Colts quarterback Andrew Luck took his "Change The Play" program on the road Tuesday.
Luck and Riley Hospital for Children at IU Health hosted more than 200 kids at Memorial Stadium in Bloomington. The idea is to get kids involved and off the couch.
"I know, growing up, how important being outside of the house was to me. Playing ball with friends," Luck said.
Luck and the Riley team members talked with the kids about good eating habits and fun exercises.
"If you can substitute something outside, a hike, for sitting in front of the TV for an hour or playing video games, I think it's well worth it and fun at the same time," Luck said.
The quarterback will take the Change The Play program to Purdue on Thursday. Luck says he was a very active child and wants others to follow his lead.
"We did just about everything and, honestly, playing all those sports, I think, made me a better quarterback, made me understand different parts of athleticism better," Luck said. "But I know I had a lot of fun getting to diversify, in a sense, when it came to sports."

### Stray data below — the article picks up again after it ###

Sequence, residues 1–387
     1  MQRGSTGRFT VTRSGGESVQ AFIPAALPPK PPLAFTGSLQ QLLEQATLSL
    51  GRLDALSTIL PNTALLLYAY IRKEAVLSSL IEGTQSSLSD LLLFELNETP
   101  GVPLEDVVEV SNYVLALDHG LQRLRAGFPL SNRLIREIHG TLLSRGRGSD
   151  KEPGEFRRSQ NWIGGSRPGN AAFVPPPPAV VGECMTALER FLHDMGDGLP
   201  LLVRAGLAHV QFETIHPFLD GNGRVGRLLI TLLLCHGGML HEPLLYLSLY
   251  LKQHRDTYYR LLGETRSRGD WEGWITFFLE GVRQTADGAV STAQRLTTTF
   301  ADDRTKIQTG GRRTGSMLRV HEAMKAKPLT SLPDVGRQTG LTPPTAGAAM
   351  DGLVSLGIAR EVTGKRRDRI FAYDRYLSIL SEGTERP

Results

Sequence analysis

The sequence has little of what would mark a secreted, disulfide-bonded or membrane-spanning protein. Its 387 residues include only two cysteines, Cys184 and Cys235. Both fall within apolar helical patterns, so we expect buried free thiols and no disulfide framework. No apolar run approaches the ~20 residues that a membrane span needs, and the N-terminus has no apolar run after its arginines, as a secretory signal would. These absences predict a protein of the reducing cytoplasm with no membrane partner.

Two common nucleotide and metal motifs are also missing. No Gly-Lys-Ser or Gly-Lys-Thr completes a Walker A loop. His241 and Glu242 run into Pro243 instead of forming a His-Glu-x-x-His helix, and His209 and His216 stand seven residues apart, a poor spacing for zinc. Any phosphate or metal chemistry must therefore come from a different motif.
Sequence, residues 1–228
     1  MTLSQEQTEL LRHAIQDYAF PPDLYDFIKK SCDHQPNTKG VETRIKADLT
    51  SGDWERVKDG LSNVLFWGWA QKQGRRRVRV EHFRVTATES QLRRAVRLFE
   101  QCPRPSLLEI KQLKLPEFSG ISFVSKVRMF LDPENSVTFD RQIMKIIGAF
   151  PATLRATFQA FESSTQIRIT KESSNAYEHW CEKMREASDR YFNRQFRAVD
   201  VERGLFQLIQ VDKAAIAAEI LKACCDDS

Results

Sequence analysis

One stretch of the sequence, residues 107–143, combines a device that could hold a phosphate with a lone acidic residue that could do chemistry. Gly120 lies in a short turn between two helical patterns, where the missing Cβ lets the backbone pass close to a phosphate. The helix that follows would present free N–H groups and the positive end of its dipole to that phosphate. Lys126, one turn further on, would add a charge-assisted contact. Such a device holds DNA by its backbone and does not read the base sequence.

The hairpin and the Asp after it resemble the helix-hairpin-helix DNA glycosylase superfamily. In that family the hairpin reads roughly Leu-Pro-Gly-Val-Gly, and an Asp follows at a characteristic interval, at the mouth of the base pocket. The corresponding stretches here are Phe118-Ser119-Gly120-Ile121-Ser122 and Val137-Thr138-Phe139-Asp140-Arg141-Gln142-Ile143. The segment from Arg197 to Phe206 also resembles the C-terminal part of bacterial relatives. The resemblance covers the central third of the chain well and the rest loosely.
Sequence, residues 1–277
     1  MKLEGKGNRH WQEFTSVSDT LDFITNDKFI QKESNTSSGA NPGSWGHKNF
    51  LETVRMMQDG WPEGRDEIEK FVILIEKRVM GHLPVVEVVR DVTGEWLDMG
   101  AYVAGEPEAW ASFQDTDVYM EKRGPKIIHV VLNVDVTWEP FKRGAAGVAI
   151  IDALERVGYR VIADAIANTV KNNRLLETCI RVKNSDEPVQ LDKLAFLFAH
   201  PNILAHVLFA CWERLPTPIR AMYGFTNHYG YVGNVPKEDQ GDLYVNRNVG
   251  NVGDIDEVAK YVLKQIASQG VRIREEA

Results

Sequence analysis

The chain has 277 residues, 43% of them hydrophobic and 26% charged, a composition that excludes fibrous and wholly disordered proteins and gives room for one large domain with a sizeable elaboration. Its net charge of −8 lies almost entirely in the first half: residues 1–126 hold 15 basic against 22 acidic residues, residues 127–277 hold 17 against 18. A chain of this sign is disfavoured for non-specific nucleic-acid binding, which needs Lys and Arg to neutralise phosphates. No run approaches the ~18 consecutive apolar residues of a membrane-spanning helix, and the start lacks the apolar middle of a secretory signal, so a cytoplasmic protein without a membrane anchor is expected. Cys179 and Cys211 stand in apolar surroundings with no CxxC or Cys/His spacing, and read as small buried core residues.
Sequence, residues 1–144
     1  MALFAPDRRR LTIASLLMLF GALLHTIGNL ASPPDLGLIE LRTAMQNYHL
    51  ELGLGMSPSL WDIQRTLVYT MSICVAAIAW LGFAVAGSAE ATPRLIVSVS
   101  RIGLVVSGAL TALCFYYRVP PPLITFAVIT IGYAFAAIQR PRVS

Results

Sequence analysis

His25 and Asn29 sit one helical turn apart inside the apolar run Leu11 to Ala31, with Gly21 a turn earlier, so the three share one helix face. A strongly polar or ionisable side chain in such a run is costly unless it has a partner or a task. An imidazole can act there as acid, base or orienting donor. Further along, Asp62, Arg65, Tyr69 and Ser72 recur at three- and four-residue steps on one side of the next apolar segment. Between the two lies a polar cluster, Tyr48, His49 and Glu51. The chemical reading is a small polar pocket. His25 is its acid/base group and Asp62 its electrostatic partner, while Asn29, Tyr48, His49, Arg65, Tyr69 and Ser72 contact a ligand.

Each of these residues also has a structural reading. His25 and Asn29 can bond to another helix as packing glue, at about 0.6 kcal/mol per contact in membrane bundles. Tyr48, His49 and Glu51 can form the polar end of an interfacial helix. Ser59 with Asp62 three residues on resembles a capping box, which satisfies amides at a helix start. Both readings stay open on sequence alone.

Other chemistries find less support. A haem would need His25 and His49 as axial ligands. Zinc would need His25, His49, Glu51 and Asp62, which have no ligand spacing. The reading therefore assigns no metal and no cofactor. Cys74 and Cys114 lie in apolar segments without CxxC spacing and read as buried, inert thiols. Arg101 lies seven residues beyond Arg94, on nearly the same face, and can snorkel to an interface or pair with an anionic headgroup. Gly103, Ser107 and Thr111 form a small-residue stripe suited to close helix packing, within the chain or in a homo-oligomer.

The children weren't the only ones learning at the clinic.
Forty IU student-athletes helped out, including the Hoosiers' junior quarterback Nate Sudfeld.
"It was cool to pick his brain a little bit about playing quarterback," Sudfeld said. "The biggest thing I took away is being a leader and keep working hard. Obviously, there are going to be ups and downs as a quarterback. He just reiterated 'What else would you rather be doing?' It's so true. There is nothing better than playing quarterback and leading a team."
Luck said he was impressed by the players he spoke with at the clinic.
"The guys I've talked to are upstanding young men and good football players. I wish them the best of luck next year...unless they play Stanford in the Rose Bowl," Luck joked.
"Change The Play" website